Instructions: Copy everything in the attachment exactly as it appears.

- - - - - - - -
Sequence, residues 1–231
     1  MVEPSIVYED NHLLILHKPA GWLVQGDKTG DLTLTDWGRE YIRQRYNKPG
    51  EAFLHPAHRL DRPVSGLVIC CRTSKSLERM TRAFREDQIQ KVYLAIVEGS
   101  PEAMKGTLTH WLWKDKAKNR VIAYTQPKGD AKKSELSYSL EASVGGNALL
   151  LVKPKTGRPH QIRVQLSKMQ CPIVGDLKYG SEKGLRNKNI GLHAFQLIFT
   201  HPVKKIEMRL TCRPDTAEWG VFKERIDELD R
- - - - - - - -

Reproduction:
Sequence, residues 1–231
     1  MVEPSIVYED NHLLILHKPA GWLVQGDKTG DLTLTDWGRE YIRQRYNKPG
    51  EAFLHPAHRL DRPVSGLVIC CRTSKSLERM TRAFREDQIQ KVYLAIVEGS
   101  PEAMKGTLTH WLWKDKAKNR VIAYTQPKGD AKKSELSYSL EASVGGNALL
   151  LVKPKTGRPH QIRVQLSKMQ CPIVGDLKYG SEKGLRNKNI GLHAFQLIFT
   201  HPVKKIEMRL TCRPDTAEWG VFKERIDELD R